Entry into force
Again I shall quote the original text, this time with no further comment, other than the realization that when politicians really wish to, decisions can be taken swiftly:
[page 8] Due to the urgency of setting up an effective SSM, the regulation will enter into forceon 1 January 2013. In order to ensure a smooth start of the mechanism a phasing-in approach is envisaged, which provides for the possibility for the ECB as of 1 January 2013 to apply its supervisory tasks to any banks, in particular banks which have received or requested public financial assistance, while the most significant credit institutions of European systemic importance shall be subject to ECB supervision as of 1 July 2013. The ECB will assume in full its tasks in relation to all other banks as from 1 January 2014 at the latest.
However note that since there are still many issues that remain unclear, further negotiations are expected throughout the first semester of 2013, while the SSM will become fully operational in March 2014.
Assessment and food for further thought
In my opinion and to be fair though critical on how perverse European politics are or can be, the Single Supervisory Mechanism is a structure that should have existed ever since the euro was brought into being. An integrated monetary policy, a single currency, cannot possibly afford to have its credit institutions being supervised by national authorities nor can the entire financial system remain compartmentalized along national lines while capital flows, daily market transactions are quite liquid and cross-border. A “federalized” fiat monetary and financial system must include a single supervisory body/authority/mechanism. It is crystal-clear that the SSM now sets the basis for a genuine financial union that should have accompanied the single currency all along.
Objections can definitely be raised over its modalities, but the principal idea remains unaffected. The only real concern, which effectively enters into the broader institutional and democratic problématique of the emerging sovereign and technocratic Euro-state, is whether such powers should be conferred to an already omnipotent ECB or be trusted on an independent authority. In my opinion the latter would have been a slightly better choice, always in line with the constitutional axiom of the separation of powers. Nevertheless the truth is that even in such a case, the checks and balances would be rather pitiful, as the ECB would still remain in its position of superior strength.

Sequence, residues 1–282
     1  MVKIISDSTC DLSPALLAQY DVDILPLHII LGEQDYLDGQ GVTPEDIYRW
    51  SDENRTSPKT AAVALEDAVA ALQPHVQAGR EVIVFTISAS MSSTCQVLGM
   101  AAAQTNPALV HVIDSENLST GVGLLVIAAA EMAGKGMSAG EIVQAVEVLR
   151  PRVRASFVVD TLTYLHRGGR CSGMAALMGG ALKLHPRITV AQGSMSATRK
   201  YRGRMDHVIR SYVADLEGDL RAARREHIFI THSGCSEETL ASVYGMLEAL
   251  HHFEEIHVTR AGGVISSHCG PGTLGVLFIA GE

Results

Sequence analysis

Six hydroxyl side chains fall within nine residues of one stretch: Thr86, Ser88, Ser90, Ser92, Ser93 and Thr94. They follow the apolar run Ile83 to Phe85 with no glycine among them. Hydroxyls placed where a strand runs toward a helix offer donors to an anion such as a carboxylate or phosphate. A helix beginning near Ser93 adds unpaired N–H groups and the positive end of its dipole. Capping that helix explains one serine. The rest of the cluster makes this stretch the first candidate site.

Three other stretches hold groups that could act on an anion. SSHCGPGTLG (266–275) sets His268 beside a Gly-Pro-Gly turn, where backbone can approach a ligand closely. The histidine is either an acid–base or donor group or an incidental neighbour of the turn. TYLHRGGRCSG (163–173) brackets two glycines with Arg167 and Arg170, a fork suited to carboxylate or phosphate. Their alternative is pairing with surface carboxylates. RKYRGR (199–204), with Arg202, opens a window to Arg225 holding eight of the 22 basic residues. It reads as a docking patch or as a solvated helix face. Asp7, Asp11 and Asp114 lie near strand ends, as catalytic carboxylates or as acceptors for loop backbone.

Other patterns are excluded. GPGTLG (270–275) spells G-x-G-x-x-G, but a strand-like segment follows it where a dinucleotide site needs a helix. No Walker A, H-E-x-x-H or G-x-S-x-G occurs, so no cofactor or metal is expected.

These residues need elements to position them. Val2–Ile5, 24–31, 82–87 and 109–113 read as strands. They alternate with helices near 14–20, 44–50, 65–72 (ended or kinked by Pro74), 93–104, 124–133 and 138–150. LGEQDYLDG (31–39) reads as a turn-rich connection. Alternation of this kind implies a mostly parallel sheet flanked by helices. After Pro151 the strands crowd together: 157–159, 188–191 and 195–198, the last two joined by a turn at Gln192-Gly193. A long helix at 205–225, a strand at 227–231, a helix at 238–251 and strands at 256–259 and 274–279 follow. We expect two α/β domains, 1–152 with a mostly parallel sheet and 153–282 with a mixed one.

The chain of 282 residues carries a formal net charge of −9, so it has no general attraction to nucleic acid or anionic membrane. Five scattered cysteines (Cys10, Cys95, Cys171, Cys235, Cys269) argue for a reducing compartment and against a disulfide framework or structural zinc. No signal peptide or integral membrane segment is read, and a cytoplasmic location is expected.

Notwithstanding the concerns I have repeatedly voiced over the rising technocracy within Europe, and the degradation of democratic principles this entails, I would wish to point out that the ECB is among all others a very ‘political’ or ‘politicized’ institution, despite all the litanies to the contrary and the paeans on the importance of its independence. Time and again, decisions pertaining to the conduct of monetary policy have provided the impetus for endless and most-often unnecessary pother and they have set the field for occasionally public disagreements as well as covert bargaining between governments or powerful central banks, especially the German Bundesbank (e.g. on the Target2 payment system or the latest OMT programme and on the bailouts to various member states).
Against this backdrop it is not difficult to fathom a scenario where the balance of power favors certain politico-economic interests within the ECB, who may abuse the over-concentration of powers at the ECB, to forward with greater effectiveness the broader economic or ideological agenda the Commission in tandem with the Council have been meticulously implementing or even enforcing, over the last months and years.
Politics aside, concentration of such authority also engenders two, usually overlapping and interrelated, frailties: (1) corruption, (2) cronyism. As Lord Acton trenchantly put it:
power tends to corrupt and absolute power corrupts absolutely. We know well that European banks are not immune to corruption, nor are their owners and agents the knights in shining armor who struggle for the toiling peoples and for those who have been crippled down by rapacious market insiders and inane politicians that have been religiously adhering to manifestly deleterious policies. Recent scandals are but the tip of the iceberg of the fraudulence and mendacity inherent in Europe’s (and the globe’s) financial system. When such financial institutions are considered in conjunction with all the cases of money laundering or related crimes they may facilitate, then we can already expect one day to unearth the sort of graft and corruption that will proudly rival that of Wall Street’s…
Finally, this is an ongoing process and as is always the case, the devil lurks in the details, meaning that future analyses will be necessary to elucidate each and every aspect of the financial union that is rapidly asserting shape, in parallel, or thanks to the emerging technocratic Euro-state.